A Foray into Planned Pooling!

A long time ago I made a cowl for someone who wanted one the same as the one I was wearing at the time. I couldn’t get exactly the same yarn but I bought something similar and proceeded to knit it.  (The yarn was a multi-colour, random sort of yarn.)

However it came out with stripes in some places. stripey partI quite liked the stripes but didn’t seem able to reproduce them further up, though you can see a narrow band that gets a bit stripey.Cowl almost finishedso I contented myself with the fact that this part wouldn’t not show when it was worn, but it puzzled me.

Recently on a Ravelry Forum, there was a thread about planned pooling and I mentioned this item and asked whether it was a change in tension or a change in the way the yarn was dyed that caused the difference. The person who responded said she thought it was a matter of my changing my tension. It is an unusual stitch and so although my tension was good enough it may have varied.

Now I had half a ball of the yarn left in my “stash”,

I therefore decided to try knitting the yarn so as to create stripes and see what happened.

The colours seemed to repeat about every 120 stitches. At first I cast on with the yarn but then decided that I probably used a slightly different amount of yarn casting on, so cast on in white then knitted until the colour change. It was obvious that the colours would need to be knitted in the round to get the repeats to line up.

And I produced this. Yarn knitted upI read about the fact that to get things perfect you might have to adjust your tension, and I did this a bit in the early stages but soon realised that the sections of the different colours would move out of sync and then back again if I kept my tension even. Showing colour slippageAs you can see here the colours were quite a bit off but then regrouped when I came round again.

The yarn has obviously been dyed to make a variety in the length of the different colours but not enough to lose all regularity.

I also decided that I had been right when I though that the colours might have repeated at half the width. one side of knitted circle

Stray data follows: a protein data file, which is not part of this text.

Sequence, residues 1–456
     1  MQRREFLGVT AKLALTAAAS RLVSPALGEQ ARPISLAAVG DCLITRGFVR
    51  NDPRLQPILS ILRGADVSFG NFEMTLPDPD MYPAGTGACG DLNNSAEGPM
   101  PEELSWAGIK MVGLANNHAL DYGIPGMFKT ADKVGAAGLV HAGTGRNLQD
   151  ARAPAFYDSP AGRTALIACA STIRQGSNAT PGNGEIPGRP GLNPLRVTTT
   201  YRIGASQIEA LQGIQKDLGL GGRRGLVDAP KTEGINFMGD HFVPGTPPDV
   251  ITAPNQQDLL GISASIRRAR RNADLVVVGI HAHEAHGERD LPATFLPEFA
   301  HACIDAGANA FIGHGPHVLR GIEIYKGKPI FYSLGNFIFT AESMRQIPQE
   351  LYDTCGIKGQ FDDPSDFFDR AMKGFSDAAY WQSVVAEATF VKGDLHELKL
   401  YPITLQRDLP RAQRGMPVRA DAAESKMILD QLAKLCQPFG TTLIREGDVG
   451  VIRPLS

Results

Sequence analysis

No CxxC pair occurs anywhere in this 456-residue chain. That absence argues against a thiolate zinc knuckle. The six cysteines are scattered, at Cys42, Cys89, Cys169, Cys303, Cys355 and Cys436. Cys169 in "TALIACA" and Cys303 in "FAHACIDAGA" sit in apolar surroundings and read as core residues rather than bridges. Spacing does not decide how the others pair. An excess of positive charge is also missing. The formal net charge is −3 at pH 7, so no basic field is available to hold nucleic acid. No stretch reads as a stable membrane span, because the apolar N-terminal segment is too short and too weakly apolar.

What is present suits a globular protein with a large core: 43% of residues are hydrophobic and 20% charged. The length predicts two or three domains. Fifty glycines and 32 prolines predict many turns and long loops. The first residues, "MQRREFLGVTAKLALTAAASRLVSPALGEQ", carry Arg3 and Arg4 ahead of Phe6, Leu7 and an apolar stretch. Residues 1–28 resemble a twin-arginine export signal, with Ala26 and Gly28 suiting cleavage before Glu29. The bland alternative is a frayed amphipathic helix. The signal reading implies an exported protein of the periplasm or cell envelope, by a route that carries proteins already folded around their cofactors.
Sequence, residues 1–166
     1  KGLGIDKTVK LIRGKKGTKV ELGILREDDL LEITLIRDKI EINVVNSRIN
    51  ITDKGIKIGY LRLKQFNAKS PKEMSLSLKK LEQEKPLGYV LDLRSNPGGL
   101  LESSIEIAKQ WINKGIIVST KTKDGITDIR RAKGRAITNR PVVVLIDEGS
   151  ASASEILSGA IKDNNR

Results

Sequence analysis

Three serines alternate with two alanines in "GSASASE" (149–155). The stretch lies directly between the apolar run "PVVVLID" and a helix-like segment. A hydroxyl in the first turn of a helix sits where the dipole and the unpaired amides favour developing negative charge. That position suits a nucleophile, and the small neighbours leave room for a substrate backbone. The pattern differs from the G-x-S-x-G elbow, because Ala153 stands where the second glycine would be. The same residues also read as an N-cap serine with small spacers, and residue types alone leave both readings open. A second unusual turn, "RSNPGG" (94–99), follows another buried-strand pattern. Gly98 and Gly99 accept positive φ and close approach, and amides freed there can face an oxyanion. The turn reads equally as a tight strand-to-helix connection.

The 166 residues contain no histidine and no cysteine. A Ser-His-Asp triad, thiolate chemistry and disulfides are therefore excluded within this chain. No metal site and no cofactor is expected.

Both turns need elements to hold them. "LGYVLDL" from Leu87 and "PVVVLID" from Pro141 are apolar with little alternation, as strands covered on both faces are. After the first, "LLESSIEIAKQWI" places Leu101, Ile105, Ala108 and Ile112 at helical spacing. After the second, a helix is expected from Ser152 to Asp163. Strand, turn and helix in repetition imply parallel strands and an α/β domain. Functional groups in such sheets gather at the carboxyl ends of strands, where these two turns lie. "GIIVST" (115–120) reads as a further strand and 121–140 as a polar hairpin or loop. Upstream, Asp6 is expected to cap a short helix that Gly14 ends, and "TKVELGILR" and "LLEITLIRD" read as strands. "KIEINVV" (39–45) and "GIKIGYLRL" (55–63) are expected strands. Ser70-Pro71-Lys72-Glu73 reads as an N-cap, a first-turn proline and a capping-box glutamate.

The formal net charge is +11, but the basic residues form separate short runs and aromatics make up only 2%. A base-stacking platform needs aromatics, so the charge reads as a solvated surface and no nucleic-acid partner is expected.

As you can see when you compare the one side to the other half.
other half of knitted cirle I can now see that there is even an amount of left right symmetry so it might have been possible to knit the yarn flat as well.

So the question is shall I try to make something that uses this effect?

At this width it could maybe be a cowl but I have lots of scarves and cowl type things so I wondered about undoing it and halving the number of stitches to make it into a project bag.

I also thought of seeing what would happen if I chose to crochet the yarn.

So you may be hearing more about this in future.

If I want to do the sort of precision planned pooling I have seen though, I would have to choose a different yarn.

For interest my original cowl came out like this.

My cowl when originally made
The new and the old

But the matching fingerless gloves (that turn into mittens), I made for Friday food shopping when it was raining, do have the colours bunching a bit.matching fingerless/mitten glovesThe idea was to be able to keep my gloves on in the greengrocers, while having my fingers covered when out in the cold and wet.

17 thoughts on “A Foray into Planned Pooling!

  1. You have done well for your first foray! I have looked at planned pooling – which is just like magic. I like the effect you achieved as it still has a little bit of a random quality – I like it better than the amazing plaid-type effect I’ve seen on Pinterest and Ravelry.

    Liked by 1 person

    1. Well the random quality is down to the manufacturer not me. Yes I do like it too but to do the more plaid type effect I’d need a more regularly dyed yarn. It is the scientist in me that wants to try it rather than the creator.

      Liked by 1 person

      1. Yes, I can understand the ‘scientitst’ getting excited about it – I must have a little bit of ‘her’ left in me as I’m a teeny bit tempted but I’m drawn to too many other projects right now. I’m looking forward to seeing yours though – very much!!!!!!

        Liked by 1 person

    1. I suppose it is about the fact that when you buy a ball of yarn with short colour changes that is going to give your knitting a random coloured look, the lengths of colour are very often the same length and if you choose the right number of stitches you can get a stripey or patterned look instead of random. In this case the colour lengths are a bit variable so instead of even stripes you get wiggly ones.

      Liked by 1 person

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